India

US defends Walmart India lobbying

  • 11 December 2012
  • From the section India
Walmart store
Image caption Walmart is one of several retail giants eyeing the Indian market

The US says global retail giant Walmart has not violated any laws lobbying US lawmakers to facilitate its entry into India.

The firm has disclosed that it spent $25m (£16m) on lobbying, including on issues related to "enhanced market access for investment in India".

Opposition MPs in India are demanding a probe into the disclosure.

Last week, MPs voted to open the retail sector to foreign competition - an issue that has proved highly divisive.

Lobbying is said be conventionally illegal in India, though there are no laws that say so.

Correspondents say opposition MPs are assuming that Indian lawmakers had been "bribed" by Wallmart lobbyists in a symptom of how charged the debate over foreign retail has become in the country.

"On the US side, I don't have any reason to believe that we have a violation of US law here. With regard to the Indian side, I'll refer you to them," State Department spokesperson Victoria Nuland was quoted as saying by the Press Trust of India news agency.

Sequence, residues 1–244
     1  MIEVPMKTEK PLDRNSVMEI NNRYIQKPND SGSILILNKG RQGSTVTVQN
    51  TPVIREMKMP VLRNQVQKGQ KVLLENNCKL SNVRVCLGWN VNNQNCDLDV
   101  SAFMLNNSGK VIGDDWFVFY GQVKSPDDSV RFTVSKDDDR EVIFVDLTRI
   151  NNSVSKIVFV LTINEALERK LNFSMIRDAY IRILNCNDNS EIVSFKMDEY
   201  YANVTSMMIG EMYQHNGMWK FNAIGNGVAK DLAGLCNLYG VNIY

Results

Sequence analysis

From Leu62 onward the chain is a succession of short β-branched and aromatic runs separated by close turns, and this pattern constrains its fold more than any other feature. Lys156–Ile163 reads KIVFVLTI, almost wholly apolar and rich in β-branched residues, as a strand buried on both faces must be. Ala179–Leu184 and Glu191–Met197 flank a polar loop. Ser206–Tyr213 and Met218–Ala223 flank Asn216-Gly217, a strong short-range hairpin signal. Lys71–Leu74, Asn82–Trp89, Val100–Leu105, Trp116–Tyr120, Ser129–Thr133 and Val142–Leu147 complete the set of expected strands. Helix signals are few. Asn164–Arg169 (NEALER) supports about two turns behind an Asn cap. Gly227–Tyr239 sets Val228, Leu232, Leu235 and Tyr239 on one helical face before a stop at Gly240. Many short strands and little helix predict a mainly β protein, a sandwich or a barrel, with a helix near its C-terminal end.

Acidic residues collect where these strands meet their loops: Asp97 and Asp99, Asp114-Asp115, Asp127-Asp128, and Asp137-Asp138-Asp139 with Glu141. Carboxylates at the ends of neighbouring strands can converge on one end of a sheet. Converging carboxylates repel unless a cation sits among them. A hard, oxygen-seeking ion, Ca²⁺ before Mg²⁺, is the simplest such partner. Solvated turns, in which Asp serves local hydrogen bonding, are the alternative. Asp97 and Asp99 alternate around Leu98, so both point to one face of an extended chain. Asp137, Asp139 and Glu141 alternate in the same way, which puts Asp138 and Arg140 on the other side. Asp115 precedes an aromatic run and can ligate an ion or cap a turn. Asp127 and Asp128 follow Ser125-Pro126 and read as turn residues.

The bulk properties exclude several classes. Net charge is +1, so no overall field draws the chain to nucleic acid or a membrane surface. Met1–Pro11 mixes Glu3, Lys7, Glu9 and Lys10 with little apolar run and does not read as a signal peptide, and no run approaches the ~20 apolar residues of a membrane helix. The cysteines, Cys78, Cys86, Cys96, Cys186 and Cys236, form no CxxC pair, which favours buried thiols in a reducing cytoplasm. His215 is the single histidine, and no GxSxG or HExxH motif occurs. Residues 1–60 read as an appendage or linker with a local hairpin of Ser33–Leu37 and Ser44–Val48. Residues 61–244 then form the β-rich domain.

"The report which some of these allegations have cited is a regularly required report for the US government as part of our open government transparency in governance requirements," Ms Nuland added.

Walmart echoed her comments, saying in a statement that its disclosure was required by US law.

"The expenditures are a compilation of expenses associated with US federal lobbying contacts and include staffing cost, association dues and payments made to consultants, all in the US."

The decision by India's government to allow 51% foreign direct investment (FDI) was approved by the Lok Sabha (lower house) on 5 December and the Rajya Sabha (upper house) on 7 December.

Opposition parties, led by the Bharatiya Janata Party (BJP), oppose the government's decision.

The move has also been strongly opposed by tens of thousands of small businesses and corner shops who fear they would be put out of business.

But the government and business leaders argue that it will boost the economy and transform the way Indians shop.

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